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If you have multiple companies, input and qualify each company separately.
This is for estimate purposes only. The actual credit is based off of documents submitted. Potential ERC amount is based off the average count qualifying for all 6 quarters of the ERC program.
The Employee Retention Credit (ERC) is a stimulus program created by the CARES Act that offers employers a significant refundable tax credit for retaining employees during the pandemic. The following questions will determine if your business qualifies.
A full-time employee is classified as someone that worked at least 30 hours per week, or 130 hours per month in 2019. Remember, this question is based on the average amount of employees during 2019.
Important: The IRS aggregate rule applies to the ERC credit. If your company has common ownership with other companies, please take into account all associated businesses when calculating this question.
Example: The business owner was the majority owner of ABC Company, which averaged 50 FT employees in 2019. The same business owner was also the majority owner of 123 Company, which averaged 75 FT employees in 2019. According to the aggregate rule, the employee count of both companies must be combined for the ERC program. Although both companies can be entered for the program, they would both be classified as having over 100 employees.
Note: Businesses with over 100, but under 500 FT employees in 2019 do not qualify for ERC funds in 2020. Businesses with over 500 FT employees in 2019 do not qualify for the ERC program, except for actual wages paid to employees that did not work due to a government shutdown.
Part-Time Employees: Part-time employee wages do qualify for the ERC program. This question only requires full-time employee count to determine qualification.
There are three ways to qualify for ERC. Please answer the questions in the following sections to determine your eligibility for the program.
The most straightforward way to qualify for the Employee Retention Credit is from a qualified revenue reduction during the qualification period of the program.
Since you did not have a 20% revenue reduction in Q1 2021 as compared to Q1 2019, you can utilize the previous quarter to potentially qualify.
Supply chain disruption is a common qualification for businesses that rely on vendors and suppliers for their business to function properly. This qualification must have resulted from a government suspension order to your supplier that resulted in the supplier not being able to deliver critical goods, but may continue beyond the original suspension order. The specific requirements for this qualification are listed below.
These impacts qualify a company regardless of revenue gain or loss.
Please reference the IRS notices pertaining to supply chain disruption qualification: Notice 2021-11 & Notice 2021-20.
The partial or full shutdown qualification is based on a "suspension test" to demonstrate that your operations were partially or fully suspended due to a Covid-19 governmental order. Keep in mind that a government restriction may have had a direct impact on your operations even though that shutdown order wasn't given to you directly.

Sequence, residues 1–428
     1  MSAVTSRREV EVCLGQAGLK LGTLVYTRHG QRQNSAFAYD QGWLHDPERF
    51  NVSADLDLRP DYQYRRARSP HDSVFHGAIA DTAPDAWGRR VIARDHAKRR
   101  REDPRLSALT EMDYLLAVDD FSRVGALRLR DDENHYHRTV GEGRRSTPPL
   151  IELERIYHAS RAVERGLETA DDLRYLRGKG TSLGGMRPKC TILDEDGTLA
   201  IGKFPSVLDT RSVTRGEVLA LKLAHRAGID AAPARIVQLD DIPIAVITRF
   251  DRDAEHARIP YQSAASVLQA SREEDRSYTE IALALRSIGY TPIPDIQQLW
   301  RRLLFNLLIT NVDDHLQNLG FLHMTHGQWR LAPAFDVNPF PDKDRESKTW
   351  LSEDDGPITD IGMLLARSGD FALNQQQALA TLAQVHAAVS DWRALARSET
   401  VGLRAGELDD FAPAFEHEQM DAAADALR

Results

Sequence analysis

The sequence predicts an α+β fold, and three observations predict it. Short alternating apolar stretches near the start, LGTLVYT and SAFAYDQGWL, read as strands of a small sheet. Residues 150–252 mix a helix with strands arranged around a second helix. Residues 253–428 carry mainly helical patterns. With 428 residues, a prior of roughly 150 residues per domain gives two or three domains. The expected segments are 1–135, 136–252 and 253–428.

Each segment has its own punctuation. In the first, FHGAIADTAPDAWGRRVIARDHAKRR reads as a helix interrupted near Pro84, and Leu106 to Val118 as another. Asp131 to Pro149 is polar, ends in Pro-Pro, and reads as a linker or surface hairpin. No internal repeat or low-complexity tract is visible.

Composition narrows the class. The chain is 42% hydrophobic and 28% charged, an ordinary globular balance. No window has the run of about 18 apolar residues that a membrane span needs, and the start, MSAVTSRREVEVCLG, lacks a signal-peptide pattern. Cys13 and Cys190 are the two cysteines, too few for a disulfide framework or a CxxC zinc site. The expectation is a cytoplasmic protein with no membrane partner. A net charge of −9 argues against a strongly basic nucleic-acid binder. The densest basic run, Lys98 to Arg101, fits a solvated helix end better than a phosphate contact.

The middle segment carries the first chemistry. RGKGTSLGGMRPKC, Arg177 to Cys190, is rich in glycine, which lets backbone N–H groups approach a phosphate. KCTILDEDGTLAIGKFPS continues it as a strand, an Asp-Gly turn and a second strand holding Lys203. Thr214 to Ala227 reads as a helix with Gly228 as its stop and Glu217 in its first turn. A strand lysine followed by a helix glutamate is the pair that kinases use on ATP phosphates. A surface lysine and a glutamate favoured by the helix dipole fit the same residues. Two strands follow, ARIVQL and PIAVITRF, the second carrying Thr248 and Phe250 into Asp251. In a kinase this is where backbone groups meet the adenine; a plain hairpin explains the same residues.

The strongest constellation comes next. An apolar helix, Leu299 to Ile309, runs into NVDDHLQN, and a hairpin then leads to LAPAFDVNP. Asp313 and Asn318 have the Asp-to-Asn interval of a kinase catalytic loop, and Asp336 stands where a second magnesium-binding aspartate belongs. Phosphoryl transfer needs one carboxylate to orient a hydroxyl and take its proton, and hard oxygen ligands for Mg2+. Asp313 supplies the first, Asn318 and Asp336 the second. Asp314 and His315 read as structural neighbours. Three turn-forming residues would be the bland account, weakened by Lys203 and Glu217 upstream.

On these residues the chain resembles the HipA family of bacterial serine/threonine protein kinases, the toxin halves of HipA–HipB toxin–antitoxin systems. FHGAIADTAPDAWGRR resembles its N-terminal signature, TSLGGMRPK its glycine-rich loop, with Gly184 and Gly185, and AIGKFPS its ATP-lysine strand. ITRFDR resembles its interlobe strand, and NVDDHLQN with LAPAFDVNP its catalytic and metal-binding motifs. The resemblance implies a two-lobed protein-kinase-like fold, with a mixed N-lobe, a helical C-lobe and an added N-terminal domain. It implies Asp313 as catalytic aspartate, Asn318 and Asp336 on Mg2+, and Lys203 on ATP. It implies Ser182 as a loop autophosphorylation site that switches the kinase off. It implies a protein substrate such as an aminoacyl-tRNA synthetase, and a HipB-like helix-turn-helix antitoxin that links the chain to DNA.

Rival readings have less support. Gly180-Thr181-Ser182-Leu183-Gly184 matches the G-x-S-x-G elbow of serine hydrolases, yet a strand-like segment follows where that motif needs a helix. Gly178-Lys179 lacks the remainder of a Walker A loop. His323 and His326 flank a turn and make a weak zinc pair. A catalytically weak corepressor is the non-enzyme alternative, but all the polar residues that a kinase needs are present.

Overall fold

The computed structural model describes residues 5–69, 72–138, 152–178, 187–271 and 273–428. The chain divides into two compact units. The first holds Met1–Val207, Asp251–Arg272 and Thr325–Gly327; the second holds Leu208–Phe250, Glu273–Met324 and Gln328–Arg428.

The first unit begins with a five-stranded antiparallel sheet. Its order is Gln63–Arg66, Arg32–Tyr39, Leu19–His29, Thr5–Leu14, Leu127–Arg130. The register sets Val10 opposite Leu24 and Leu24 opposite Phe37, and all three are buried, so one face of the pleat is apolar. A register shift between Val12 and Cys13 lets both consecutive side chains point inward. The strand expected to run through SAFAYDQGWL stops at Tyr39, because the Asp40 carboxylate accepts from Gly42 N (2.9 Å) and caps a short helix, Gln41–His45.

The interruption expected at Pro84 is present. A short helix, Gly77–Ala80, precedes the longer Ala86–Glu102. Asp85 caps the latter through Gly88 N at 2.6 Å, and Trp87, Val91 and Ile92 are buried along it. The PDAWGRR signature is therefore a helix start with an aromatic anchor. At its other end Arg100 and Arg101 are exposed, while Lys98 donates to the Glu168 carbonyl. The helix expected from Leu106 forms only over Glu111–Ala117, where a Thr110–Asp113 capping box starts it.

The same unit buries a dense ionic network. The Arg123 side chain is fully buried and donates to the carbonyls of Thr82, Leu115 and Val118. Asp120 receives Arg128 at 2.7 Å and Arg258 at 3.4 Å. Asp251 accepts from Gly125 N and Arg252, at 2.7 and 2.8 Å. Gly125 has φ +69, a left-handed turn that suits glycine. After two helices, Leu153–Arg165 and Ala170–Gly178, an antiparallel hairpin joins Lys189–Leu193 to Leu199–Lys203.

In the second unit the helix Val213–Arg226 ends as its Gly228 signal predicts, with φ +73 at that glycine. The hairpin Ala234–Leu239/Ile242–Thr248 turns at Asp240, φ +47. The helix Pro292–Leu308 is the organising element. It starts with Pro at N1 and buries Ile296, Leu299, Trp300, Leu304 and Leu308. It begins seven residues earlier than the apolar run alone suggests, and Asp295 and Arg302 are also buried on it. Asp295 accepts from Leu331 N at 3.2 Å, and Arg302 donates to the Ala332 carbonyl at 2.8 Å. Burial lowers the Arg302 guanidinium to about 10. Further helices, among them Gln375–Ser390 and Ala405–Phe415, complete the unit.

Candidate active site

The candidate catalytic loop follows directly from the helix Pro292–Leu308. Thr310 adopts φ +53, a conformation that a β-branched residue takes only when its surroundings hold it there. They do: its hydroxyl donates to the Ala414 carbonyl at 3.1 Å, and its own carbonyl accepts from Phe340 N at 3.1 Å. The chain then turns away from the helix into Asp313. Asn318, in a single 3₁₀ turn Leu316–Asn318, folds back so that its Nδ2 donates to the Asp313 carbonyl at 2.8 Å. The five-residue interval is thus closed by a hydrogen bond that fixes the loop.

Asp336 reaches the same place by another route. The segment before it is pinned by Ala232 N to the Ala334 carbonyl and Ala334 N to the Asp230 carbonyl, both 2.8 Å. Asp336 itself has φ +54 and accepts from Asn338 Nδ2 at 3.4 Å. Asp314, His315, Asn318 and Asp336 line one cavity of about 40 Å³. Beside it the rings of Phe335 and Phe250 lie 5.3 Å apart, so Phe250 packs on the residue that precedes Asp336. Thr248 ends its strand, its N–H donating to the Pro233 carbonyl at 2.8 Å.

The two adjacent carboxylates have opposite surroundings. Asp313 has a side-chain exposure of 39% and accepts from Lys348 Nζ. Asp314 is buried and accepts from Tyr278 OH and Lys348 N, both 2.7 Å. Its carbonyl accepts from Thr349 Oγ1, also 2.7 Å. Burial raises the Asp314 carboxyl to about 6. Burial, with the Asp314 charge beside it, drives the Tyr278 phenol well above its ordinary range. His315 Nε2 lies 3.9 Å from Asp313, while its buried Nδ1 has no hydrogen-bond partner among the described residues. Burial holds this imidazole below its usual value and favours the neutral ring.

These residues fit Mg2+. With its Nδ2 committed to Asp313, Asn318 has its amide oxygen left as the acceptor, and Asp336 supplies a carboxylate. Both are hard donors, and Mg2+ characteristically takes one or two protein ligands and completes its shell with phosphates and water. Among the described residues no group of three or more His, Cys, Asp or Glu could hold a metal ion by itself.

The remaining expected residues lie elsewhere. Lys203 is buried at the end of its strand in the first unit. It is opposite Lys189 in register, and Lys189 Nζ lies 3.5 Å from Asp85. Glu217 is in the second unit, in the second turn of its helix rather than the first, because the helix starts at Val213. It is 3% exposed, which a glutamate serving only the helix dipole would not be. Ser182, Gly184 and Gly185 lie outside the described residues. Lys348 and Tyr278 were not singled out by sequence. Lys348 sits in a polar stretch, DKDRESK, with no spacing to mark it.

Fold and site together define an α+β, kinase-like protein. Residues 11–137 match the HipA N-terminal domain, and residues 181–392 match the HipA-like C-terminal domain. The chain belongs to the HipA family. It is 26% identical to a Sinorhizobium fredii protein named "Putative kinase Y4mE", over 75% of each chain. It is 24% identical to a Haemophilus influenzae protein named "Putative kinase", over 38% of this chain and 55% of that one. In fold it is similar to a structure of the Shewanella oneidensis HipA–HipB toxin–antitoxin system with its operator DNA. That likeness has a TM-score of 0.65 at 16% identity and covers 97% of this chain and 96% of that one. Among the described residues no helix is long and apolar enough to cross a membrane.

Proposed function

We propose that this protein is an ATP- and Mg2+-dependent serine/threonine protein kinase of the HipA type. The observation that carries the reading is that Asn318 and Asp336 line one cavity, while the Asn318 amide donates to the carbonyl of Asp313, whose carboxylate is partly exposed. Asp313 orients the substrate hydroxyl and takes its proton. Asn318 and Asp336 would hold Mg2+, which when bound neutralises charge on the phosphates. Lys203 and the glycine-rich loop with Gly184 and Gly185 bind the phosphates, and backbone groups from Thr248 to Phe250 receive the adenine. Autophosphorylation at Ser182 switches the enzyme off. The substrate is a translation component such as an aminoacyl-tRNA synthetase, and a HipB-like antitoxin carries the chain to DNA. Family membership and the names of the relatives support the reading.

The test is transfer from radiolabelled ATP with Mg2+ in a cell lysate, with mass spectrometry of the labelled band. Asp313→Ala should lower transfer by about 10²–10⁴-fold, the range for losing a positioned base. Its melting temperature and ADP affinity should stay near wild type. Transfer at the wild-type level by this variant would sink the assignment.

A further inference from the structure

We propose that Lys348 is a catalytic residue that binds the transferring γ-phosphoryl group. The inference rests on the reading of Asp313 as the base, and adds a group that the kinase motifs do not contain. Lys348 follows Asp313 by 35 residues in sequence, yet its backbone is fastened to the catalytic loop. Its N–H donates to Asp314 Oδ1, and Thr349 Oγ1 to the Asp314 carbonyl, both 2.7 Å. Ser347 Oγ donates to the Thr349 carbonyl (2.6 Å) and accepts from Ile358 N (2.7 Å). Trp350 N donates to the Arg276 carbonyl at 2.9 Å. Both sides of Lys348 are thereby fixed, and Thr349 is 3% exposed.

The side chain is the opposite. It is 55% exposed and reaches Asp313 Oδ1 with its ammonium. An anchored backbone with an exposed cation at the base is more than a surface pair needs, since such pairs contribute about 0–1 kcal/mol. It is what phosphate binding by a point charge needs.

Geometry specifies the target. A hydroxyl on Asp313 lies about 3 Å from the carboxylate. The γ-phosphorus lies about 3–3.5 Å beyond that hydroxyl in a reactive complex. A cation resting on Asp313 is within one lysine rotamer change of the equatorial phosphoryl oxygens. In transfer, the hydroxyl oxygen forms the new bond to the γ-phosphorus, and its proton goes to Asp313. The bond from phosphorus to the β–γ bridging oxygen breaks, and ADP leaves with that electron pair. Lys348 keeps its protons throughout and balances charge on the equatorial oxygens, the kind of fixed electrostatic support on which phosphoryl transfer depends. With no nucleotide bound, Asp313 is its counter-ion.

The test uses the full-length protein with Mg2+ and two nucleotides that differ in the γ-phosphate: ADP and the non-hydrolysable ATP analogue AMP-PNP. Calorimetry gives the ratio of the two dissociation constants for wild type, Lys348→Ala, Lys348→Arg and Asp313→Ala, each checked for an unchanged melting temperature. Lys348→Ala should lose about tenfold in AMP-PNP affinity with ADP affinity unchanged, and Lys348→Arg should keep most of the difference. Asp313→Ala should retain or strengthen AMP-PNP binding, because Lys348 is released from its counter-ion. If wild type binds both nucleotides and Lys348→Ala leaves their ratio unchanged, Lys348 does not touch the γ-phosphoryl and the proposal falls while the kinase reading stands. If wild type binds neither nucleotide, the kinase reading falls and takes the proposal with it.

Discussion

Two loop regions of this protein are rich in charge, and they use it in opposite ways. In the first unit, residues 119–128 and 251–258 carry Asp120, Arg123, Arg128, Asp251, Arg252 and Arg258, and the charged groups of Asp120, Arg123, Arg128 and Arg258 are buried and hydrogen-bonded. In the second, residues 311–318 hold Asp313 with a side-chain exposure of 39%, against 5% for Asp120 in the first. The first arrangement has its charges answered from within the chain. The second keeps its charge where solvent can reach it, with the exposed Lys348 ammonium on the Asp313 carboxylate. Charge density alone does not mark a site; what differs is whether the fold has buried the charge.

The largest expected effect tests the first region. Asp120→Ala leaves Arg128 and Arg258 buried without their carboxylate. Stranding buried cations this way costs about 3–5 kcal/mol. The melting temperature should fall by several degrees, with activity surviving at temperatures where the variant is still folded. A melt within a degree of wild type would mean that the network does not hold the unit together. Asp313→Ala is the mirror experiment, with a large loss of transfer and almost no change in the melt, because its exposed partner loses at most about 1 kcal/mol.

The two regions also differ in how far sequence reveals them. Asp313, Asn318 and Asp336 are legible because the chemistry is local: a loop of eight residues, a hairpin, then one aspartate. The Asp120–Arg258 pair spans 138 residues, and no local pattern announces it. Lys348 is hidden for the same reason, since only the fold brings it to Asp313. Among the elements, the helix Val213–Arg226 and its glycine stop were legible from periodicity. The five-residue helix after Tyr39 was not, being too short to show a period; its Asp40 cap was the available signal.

Important: This qualification only applies during the period of the actual government order. Since there were very few government shutdown orders during 2021, the actual shutdown type of this qualification mainly applies to 2020 quarters. However, if the impact of shutdowns affected your business beyond the actual shutdown period, this qualification may apply.
Please reference the IRS notices pertaining to suspension qualification: Notice 2021-23, Notice 2021-33 & Notice 2021-49.
More than Nominal Impact - The partial suspension from a government order must have had a more than nominal effect, which means it affected more than 10% of business operations. This impact can come from a reduction in business hours of 10% or more, or a suspension of your business operations that represented 10% or more of gross receipts as compared to 2019. (This does not mean that a 10% reduction in sales is required to qualify, but the order must have suspended at least 10% of your revenue-producing operations.)
Hourly example: Government orders required a restaurant to close 2 hours early due to curfew requirements. The 2 hours represented 15% of the business working hours. This business qualifies for the period affected by the government order.
Gross receipts example: Government orders required a radiology clinic to stop elective procedures during Q2 & Q3 of 2020. The business reviewed its gross receipts for Q2 & Q3 of 2019 and determined that the suspended elective procedures represented 18% of its total gross receipts during those quarters. This business qualifies for these two quarters.
Note: For any periods you qualify you will be required to provide a brief description of the more than nominal effect on your business to substantiate your claim.
The cumulative effect of the full or partial suspensions must have had a more than 10% impact on your business operations when considering the gross receipts of that portion of your business in 2019. This does not mean that your revenue must have decreased to use this qualification.
Depending on your qualifications, you will see your substantiation statements below. These statements will be retained to substantiate your claim with the IRS.
The statement below is for the first suspension only. The statements for additional suspensions will be identical, with the insertion of specific details for each suspension impact.
Estimated credit amount
This is an estimate based on the responses and employee counts provided and is not a guarantee of your credit amount or qualification. Many factors are evaluated during your ERC analysis. If we determine you qualify, this number could be much higher or lower.